Easy targets

UnknownHow do companies set their climate reduction targets?

I wondered about that after reading an analysis of 100 global companies that was published last year by Climate Counts and the Center for Sustainable Organizations. The companies had all been measuring and reporting on their global greenhouse gas emissions at least since 2005. In that regard, they are climate leaders, at least in terms of their transparency. Yet the study found that only 49 of the 100 companies are on track to reduce carbon emissions “in line with scientific targets to avert dangerous climate change.”

Companies, it would seem, are setting climate targets, meeting them and yet not doing enough. Could there be  something wrong with their targets?

That’s the topic of my story that was posted today on Guardian Sustainable Business. Here’s how it begins:

Every company that aspires to be responsible sets targets for reducing its greenhouse gas emissions. General Motors says its manufacturing plants will reduce their carbon intensity by 20%. Wells Fargo says it will achieve a 35% reduction in greenhouse gas emissions from its buildings. UPS aims to reduce airline emissions by 20%.

These global corporations recognize the reality of climate change and they are striving to become more efficient. While governments, including the US and China, the world’s two leading emitters, can’t agree on binding climate targets, it would seem as if companies are doing their part.

Unhappily, most are not.

The trouble is, corporate climate targets are almost never based on climate science. That is, they are not designed to do the job that needs to be done–bringing global carbon emissions down to levels that will avert dangerous climate change. Instead, the corporate targets appear to be driven by internal considerations–what companies can achieve and afford, what their peers are doing, even what round numbers will fit into a headline or press release. No one promises to cut emissions by 23 percent by 2021.

The story goes on to chronicle my efforts to get companies to explain how and why they set their targets–a question that led mostly to answers like “sorry, we’d rather not discuss that,” even from companies that are ordinarily more than ready to promote their green good works.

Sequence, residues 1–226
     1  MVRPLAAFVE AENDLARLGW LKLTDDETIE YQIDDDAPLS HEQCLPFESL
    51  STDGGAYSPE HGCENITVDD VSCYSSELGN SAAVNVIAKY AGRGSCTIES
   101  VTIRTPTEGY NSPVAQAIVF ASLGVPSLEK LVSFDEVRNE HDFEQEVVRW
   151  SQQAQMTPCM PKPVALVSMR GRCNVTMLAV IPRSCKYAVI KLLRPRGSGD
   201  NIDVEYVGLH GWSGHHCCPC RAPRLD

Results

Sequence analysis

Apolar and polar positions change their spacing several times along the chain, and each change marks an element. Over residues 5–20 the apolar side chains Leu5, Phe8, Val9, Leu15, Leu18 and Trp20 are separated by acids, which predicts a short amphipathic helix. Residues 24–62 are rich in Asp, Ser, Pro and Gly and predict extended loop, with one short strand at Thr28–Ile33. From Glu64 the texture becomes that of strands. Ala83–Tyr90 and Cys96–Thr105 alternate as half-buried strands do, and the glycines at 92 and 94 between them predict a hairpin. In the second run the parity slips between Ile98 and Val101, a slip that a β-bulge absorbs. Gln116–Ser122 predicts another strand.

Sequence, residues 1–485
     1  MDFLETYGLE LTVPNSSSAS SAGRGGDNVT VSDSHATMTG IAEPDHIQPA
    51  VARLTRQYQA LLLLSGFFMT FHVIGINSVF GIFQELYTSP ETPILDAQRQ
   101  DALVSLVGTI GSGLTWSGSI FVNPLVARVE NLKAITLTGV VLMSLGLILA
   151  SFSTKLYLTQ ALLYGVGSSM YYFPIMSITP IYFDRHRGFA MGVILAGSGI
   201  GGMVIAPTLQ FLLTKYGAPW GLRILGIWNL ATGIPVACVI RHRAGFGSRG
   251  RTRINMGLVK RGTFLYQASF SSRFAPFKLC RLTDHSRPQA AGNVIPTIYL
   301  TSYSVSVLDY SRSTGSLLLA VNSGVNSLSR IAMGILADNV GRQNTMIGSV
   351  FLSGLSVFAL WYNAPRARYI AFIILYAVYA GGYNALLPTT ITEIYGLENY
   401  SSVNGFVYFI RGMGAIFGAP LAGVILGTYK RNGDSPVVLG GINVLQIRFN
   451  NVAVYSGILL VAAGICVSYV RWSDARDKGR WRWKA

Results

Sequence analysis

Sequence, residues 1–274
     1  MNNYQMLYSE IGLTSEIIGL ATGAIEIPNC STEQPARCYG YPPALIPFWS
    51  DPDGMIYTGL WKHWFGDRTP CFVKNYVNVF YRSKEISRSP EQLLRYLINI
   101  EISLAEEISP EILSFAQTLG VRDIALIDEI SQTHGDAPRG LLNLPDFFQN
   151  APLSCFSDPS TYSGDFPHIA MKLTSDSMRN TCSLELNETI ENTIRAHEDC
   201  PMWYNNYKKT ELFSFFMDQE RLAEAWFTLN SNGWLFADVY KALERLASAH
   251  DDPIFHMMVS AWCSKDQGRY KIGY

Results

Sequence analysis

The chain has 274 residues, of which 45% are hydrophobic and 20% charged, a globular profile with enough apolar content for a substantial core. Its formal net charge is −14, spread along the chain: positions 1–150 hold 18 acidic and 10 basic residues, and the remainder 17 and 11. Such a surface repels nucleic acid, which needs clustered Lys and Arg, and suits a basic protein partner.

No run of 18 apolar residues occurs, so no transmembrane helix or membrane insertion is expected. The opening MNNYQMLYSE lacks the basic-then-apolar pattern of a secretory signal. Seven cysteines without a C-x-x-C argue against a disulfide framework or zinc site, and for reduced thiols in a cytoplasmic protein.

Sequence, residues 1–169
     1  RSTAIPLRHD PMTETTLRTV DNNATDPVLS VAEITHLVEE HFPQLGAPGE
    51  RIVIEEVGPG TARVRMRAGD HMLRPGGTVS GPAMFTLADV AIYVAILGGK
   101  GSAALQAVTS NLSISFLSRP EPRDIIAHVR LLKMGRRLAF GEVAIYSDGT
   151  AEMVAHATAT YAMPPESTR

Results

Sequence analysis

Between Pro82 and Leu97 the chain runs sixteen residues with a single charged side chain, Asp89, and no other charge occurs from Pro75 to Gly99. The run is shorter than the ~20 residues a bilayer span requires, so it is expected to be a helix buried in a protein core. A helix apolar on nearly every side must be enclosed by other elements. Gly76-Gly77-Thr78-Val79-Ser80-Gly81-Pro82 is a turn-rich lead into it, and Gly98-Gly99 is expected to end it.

What this points to is the need for what some advocates are calling “context-based sustainability,” that is, setting targets that are shaped by science-based thresholds. Want to know more? Read the story, here.

Comments

  1. Excellent concept! At Nestlé we believe that you can only create value for shareholders over the long term if you create value for society at large. We therefore aim to establish targets – and measure our impacts – against societal norms, including those informed by science. Even though we are a top scorer in CDP on climate change, we are most advanced in the area of water where the context is defined by the level of water scarcity in the different watersheds we operate. For each of our 465 factories we have assigned a water scarcity score, which in turn defines our water use reduction targets and investment levels. This may lead over time to “zero water withdrawal” factories in the most water-constrained areas. We are now exploring ways to apply the Climate Counts / CSO concept, and related emerging methologies such as the “Natural Capital Leaders index” developed by Trucost, to other important environmental impacts such as greenhouse gases and deforestation.
    http://www.nestle.com/csv/environmental-sustainability/climate-change
    http://www.trucost.com/naturalcapitalleadersindex

  2. Thanks, Marc, for your attention to this important point. I have also written about this approach for CSRwire: In an in-depth conversation I had with Climate Counts director Mike Bellamente (http://www.csrwire.com/blog/posts/1156-in-new-science-based-approach-climate-counts-ranks-the-top-100-companies-on-sustainability); in an article about how one company is applying context-based sustainability metrics (http://www.csrwire.com/blog/posts/522-practicing-deep-sustainability-cabot-creamery-context-based-sustainability-metrics) and in another article on how this method could improve the IIRC Integrated Reporting Framework (http://www.csrwire.com/blog/posts/952-the-iirc-integrated-reporting-framework-context-based-sustainability-a-conversation-with-bill-baue). So thanks so much for opening up this conversation to more readers.

  3. One might as easily ask: “How do governments set their climate reduction targets?”; or, “How does the global community set its climate reduction targets?”

    One might also ask why we have any interest in “climate reduction”.

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